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VOC Translation

Translate customer feedback into measurable characteristics Work smarter. Achieve more.

Definition:
Translated Quantifiable
Voice of the A method for translating
Customer Measurements
Customer (VOC) customer expectations into
Requirements (CTQs)
measurable characteristics.

Level:
Box looks good Damage free • % shipments undamaged
Mid-level

Category:
• % on time Understanding Customer
Really speedy Timeliness • Tracking accuracy
• % required scans
Requirements
completed

Not delivered to Correct delivery


• % addresses valid
neighbor • % airbills readable

VOC translation is a method for translating the “Voice of the Customer” (VOC) into variables
that we can measure in our business. These variables are sometimes referred to as CTQs,
which stands for Critical to Quality.

EXAMPLE
A team is examining what residential customers expect from the delivery experience. When
these customers are asked to define good service, they say things like “Box looks good,”
“Really speedy” and “Not delivered to neighbor.” In order to translate these customer com-
ments into measurable characteristics, the team uses VOC translation. They begin by writing
each of the most common customer phrases on a separate index card. Then they group the
cards with similar messages together into categories (see diagram next page).
As they perform this grouping, the team takes care to choose category names that are both
precise and that reflect something we can control  in our operations. For example, though the
customers said, “Box looks good,” the team does not translate this into a category named
“Box appearance,” but into a category named “Damage free.” These categories are the cus-
tomer requirements.

Finally, the group brainstorms ways to measure each of these customer requirements. Many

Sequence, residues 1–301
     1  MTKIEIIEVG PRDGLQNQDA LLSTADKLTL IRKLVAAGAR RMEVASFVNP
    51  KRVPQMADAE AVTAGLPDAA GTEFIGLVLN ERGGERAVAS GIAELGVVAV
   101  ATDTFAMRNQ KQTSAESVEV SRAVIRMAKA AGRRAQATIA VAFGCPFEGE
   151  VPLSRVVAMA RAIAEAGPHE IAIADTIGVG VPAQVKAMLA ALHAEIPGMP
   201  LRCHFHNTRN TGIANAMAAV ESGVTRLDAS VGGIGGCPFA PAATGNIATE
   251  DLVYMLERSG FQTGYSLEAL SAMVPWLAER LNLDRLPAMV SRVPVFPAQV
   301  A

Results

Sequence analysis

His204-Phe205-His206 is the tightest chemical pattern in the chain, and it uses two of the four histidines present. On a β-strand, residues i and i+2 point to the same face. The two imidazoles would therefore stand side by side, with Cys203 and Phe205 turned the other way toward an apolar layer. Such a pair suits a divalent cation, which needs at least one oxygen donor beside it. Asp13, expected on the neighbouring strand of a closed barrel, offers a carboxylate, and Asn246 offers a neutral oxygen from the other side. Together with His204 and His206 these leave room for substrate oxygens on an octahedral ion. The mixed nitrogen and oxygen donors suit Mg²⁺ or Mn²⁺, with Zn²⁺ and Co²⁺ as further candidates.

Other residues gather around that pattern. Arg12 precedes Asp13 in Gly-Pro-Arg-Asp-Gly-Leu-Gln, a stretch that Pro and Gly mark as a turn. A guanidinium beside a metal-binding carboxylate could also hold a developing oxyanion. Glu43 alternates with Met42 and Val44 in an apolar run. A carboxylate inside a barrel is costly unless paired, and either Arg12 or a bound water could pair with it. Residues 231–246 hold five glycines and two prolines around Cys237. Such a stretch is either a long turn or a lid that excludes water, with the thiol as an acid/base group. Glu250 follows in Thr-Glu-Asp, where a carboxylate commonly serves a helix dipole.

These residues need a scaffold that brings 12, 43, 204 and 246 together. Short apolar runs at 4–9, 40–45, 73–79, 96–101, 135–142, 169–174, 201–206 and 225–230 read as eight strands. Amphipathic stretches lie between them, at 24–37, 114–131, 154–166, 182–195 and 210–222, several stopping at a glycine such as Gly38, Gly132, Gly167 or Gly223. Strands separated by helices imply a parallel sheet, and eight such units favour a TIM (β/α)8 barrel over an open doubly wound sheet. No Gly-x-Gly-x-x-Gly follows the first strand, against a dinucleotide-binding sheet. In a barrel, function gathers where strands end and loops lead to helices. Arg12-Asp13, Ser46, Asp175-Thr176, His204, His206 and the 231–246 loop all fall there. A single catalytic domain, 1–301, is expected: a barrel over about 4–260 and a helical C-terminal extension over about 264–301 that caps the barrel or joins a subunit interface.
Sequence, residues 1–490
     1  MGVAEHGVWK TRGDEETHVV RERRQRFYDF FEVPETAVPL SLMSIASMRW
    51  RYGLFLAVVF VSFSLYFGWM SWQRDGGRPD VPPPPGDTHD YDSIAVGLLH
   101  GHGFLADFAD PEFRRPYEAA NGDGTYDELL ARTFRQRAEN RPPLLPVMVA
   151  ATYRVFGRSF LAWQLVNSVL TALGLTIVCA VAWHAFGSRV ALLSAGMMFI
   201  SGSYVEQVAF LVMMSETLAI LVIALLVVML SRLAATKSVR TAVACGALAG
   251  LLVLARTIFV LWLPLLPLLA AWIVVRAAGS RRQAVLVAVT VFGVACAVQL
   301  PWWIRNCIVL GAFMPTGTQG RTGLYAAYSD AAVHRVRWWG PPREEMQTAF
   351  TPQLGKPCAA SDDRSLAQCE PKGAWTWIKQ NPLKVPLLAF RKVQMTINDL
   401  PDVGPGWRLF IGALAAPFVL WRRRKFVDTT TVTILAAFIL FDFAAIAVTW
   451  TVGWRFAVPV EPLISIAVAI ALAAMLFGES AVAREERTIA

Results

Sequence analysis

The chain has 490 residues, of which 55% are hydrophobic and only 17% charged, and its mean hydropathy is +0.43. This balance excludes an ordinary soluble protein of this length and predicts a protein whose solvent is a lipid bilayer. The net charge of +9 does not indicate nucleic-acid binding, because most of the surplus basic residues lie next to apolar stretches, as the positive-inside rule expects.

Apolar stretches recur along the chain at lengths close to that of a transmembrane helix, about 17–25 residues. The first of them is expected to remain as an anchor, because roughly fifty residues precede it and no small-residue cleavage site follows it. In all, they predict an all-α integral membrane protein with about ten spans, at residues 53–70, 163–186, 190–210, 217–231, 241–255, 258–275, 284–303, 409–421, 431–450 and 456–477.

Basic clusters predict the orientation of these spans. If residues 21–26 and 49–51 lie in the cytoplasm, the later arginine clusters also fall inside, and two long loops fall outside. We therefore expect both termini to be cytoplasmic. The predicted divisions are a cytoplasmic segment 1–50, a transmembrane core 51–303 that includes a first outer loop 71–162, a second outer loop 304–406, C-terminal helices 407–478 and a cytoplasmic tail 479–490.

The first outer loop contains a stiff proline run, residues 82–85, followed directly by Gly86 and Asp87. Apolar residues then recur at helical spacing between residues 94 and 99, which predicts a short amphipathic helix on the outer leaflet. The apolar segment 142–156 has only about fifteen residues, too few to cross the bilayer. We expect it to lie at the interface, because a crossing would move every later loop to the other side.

turn out to be variables already measured on an everyday basis — such as percentage of
on-time deliveries. But in other cases, the team’s brainstorming uncovers items they must
proactively go out and gather data for — such as the readability of airbills.

USES
• To help identify opportunities in the Assess phase of ABLE.

• To translate customer surveys and other research into actionable measurements.


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HOW TO
1 Identify the customer groups using a SIPOC diagram or other tools. Note that customers
can be either internal or external.

2 Gather “Voice of the Customer” data on the issue you are exploring — from project-
specific customer research, such as surveys and focus groups, or from historical data.

3 Write the most representative data from customers on index cards.

4 Group similar customer statements or data into categories. See diagram below. This is
called creating an “affinity diagram.”

5 Translate the customer language into customer requirements. To do this, choose names
for the categories that: 1) are precise and 2) reflect something we can control in our
operations.

6 For each customer requirement, brainstorm ways we can measure whether we have
fulfilled the requirement. These will likely fall into two categories:

• Variables we already measure (and for which historical data is available).

• Variables your team will have to go out and measure.

Visit the QDM website for a VOC translation template.

TIMELINESS
DAMAGE FREE Here is an example of
Delivery as Fast
grouping similar customer
promised delivery Box looks
good
comments and choosing
Really category names. In quality
On-time science, this is called an
speedy
delivery No damage “affinity diagram.”

CORRECT DELIVERY Contents in


good condition

Not delivered to Not lost


neighbor

Went to right
address

HINTS
• When creating an affinity diagram in step 4 above, use note cards, sheets of paper or
sticky notes to make customer comments easy to group and re-group into different
categories.

• If two or more cards seem to be merely a different wording of the same idea, overlap the
cards so that the most representative comment can be read but all cards can be seen.

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